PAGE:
Jurisdiction - ISDA Provision

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2002 ISDA Master Agreement
A Jolly Contrarian owner’s manual

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Events of Default: 5(a)(i) Failure to Pay or Deliver5(a)(ii) Breach of Agreement5(a)(iii) Credit Support Default5(a)(iv) Misrepresentation5(a)(v) Default Under Specified Transaction5(a)(vi) Cross Default5(a)(vii) Bankruptcy5(a)(viii) Merger without Assumption
Termination Events: 5(b)(i) Illegality5(b)(ii) Force Majeure Event5(b)(iii) Tax Event5(b)(iv) Tax Event Upon Merger5(b)(v) Credit Event Upon Merger5(b)(vi) Additional Termination Event

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Section 13(b) in a Nutshell
Use at your own risk, campers!

13(b) Jurisdiction. For any proceedings under this Agreement (“Proceedings”), each party irrevocably:―

13(b)(i) submits to:―
(1) for English law-governed Agreements, the non-exclusive jurisdiction of the English courts (or their exclusive jurisdiction where Proceedings involve a Convention Court); or
(2) for New York law-governed Agreements, the non-exclusive jurisdiction of the courts of the State of New York and the United States District Court located in Manhattan;
13(b)(ii) waives its right to object to such court as a venue for any Proceedings brought in, or claim it is an inconvenient forum, or that it has no jurisdiction; and
13(b)(iii) agrees that Proceedings brought in one jurisdictions will not preclude Proceedings in any other jurisdiction.

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Full text of Section 13(b)

13(b) Jurisdiction. With respect to any suit, action or proceedings relating to any dispute arising out of or in connection with this Agreement (“Proceedings”), each party irrevocably:―

13(b)(i) submits:―
(1) if this Agreement is expressed to be governed by English law, to (A) the non-exclusive jurisdiction of the English courts if the Proceedings do not involve a Convention Court and (B) the exclusive jurisdiction of the English courts if the Proceedings do involve a Convention Court; or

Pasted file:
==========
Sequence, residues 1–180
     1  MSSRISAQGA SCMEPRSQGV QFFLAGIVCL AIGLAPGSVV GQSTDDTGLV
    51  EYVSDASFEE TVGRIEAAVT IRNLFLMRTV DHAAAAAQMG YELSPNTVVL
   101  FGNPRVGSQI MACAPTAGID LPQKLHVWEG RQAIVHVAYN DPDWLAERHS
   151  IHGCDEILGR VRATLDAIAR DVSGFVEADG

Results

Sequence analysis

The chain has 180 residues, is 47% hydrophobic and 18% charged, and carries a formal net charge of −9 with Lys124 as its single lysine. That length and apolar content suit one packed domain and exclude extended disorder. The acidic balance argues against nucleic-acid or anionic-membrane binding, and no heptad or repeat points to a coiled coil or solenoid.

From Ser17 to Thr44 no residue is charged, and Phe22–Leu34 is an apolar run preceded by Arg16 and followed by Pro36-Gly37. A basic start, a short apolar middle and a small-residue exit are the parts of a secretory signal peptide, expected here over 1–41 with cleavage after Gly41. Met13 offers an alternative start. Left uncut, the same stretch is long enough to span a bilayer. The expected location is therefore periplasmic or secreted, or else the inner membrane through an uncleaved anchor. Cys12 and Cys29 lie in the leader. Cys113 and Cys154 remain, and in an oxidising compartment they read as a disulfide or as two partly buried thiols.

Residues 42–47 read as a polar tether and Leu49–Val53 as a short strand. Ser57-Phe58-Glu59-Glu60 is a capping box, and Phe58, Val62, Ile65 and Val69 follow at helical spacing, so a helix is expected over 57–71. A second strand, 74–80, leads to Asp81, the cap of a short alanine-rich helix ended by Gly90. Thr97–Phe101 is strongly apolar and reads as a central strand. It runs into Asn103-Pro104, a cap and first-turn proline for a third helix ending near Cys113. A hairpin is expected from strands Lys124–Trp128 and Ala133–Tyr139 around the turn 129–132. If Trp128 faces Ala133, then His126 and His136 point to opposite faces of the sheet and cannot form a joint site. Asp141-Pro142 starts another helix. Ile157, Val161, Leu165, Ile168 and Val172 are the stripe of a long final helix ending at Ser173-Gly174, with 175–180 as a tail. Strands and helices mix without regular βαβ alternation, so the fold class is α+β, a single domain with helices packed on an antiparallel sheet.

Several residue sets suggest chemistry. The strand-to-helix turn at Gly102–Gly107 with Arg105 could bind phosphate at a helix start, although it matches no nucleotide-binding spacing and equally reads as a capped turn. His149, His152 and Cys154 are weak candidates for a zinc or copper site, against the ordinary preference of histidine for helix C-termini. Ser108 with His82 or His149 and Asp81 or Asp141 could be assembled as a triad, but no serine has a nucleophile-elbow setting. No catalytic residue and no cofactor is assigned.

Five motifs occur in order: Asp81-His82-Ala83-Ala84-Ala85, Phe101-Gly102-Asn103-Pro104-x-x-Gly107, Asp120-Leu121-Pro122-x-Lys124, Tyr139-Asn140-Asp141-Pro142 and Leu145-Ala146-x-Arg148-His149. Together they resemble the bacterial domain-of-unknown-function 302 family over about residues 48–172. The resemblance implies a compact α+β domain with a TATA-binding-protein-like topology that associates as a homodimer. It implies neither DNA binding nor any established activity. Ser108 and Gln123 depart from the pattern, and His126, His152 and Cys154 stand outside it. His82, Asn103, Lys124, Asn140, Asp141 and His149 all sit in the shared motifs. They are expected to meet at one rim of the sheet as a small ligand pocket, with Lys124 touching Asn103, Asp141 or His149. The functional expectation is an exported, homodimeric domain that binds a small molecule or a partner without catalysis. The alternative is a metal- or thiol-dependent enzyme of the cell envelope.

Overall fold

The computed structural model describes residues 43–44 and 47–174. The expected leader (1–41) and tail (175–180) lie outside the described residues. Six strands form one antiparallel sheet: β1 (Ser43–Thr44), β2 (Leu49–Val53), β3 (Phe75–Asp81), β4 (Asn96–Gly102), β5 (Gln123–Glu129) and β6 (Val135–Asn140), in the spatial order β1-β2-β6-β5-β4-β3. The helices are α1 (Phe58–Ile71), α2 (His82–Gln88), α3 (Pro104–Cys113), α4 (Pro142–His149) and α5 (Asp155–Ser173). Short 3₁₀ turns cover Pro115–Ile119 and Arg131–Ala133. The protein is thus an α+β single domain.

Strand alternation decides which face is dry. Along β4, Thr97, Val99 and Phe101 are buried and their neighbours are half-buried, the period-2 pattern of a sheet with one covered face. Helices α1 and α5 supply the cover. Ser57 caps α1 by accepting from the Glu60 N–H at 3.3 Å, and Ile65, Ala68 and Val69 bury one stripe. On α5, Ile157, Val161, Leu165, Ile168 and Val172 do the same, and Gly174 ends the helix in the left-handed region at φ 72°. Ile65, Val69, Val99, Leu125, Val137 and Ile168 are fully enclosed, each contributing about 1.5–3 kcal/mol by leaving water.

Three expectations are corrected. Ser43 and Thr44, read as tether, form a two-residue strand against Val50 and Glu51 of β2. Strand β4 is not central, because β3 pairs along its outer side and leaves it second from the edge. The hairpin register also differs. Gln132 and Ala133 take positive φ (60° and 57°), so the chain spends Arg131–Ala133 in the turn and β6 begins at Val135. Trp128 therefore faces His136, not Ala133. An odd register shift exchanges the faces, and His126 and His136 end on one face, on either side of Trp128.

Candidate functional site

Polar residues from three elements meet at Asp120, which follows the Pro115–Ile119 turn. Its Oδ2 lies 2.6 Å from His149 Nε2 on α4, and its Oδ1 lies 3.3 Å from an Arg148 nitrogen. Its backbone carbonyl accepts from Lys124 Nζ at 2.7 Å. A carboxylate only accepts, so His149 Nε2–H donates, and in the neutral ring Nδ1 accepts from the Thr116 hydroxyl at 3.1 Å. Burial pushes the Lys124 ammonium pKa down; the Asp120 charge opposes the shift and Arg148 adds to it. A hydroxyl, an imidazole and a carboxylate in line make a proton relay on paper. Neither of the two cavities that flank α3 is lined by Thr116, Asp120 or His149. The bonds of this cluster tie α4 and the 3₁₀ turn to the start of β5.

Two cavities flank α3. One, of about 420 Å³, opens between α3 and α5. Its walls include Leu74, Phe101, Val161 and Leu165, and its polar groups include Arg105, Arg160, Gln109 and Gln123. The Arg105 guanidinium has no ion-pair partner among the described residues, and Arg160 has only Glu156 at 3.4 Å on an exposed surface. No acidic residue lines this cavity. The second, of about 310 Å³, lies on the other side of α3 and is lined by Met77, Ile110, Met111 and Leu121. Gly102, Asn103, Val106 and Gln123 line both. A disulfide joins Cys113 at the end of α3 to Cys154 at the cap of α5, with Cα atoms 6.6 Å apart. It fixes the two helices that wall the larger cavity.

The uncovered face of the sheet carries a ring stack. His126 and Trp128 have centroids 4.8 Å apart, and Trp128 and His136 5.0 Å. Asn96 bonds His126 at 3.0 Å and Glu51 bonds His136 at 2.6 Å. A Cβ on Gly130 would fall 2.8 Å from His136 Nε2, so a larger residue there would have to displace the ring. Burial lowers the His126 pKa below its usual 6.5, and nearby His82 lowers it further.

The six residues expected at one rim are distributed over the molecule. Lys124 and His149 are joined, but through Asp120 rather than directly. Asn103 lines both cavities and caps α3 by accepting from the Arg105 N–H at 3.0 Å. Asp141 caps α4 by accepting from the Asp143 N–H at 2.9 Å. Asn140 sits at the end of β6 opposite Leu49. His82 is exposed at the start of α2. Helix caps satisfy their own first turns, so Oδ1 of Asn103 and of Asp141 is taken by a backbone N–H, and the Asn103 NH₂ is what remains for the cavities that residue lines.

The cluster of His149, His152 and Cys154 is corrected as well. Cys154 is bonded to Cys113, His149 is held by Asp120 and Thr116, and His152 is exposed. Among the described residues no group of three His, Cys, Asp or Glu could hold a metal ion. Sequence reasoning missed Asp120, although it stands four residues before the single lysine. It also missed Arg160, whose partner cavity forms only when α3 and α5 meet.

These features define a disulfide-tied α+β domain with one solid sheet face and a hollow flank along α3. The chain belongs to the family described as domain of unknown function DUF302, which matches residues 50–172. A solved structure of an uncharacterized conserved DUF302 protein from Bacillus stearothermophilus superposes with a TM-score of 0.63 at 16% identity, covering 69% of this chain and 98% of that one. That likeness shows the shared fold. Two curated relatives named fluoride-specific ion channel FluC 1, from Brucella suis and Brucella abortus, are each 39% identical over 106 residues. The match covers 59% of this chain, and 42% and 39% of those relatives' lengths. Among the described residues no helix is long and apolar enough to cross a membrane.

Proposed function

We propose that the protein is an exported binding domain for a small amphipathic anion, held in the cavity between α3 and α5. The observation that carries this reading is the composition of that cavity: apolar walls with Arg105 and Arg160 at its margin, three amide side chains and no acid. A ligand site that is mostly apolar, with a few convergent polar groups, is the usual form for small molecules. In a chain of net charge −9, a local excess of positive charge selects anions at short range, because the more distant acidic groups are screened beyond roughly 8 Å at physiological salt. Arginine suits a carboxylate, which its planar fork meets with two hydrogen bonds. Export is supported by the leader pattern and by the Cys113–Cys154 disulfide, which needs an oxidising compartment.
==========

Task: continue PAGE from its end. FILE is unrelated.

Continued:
(2) if this Agreement is expressed to be governed by the laws of the State of New York, to the non-exclusive jurisdiction of the courts of the State of New York and the United States District Court located in the Borough of Manhattan in New York City;
13(b)(ii) waives any objection which it may have at any time to the laying of venue of any Proceedings brought in any such court, waives any claim that such Proceedings have been brought in an inconvenient forum and further waives the right to object, with respect to such Proceedings, that such court does not have any jurisdiction over such party; and
13(b)(iii) agrees, to the extent permitted by applicable law, that the bringing of Proceedings in any one or more jurisdictions will not preclude the bringing of Proceedings in any other jurisdiction.

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Related agreements and comparisons

Related Agreements
Click here for the text of Section 13(b) in the 1992 ISDA
Comparisons
Click to compare this section in the 1992 ISDA and 2002 ISDA.

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Content and comparisons

Largely the same, in practical effect, between the two versions: the clause grants the non-exclusive jurisdiction of the courts of the governing law you have chosen: you can launch proceedings wherever you like, but you can’t complain if they are launched in a home court, which leaves open that you might complain if they are launched in some other, inconvenient, court.

No doubt a litigation lawyer would be outraged at this suggestion that the versions mean different things, but life’s too short.
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Summary

On the disapplication of 13(b)(iii)

Where you wish to elect the exclusive jurisdiction of (say) English courts in your Schedule, you may wish to explicitly disapply the proviso to 13(b) which provides that nothing in this clause precludes the bringing of Proceedings in another jurisdiction (in the flush language of the 1992 ISDA version; in 13(b)(iii) of the 2002 ISDA version).

Strictly speaking you shouldn't need to do this: Section 1(b) provides that the inconsistency created by the use of the expression “exclusive jurisdiction” in the Schedule will prevail over the text the Master Agreement. But that won’t stop officious attorneys the world over trying.

But, counselor, be warned: if you do try to explicitly override it — you know, for good measure and everything — and your counterparty pushes back, having deliberately taken the clarifying language out of a draft, you may be in a ;;worse position when interpreting the meaning of “exclusive jurisdiction", precisely because the counterparty refused to rule out the use of other jurisdictions. A cracking example of the anal paradox at work.

Don’t be too clever by half, in other words.
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See also

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References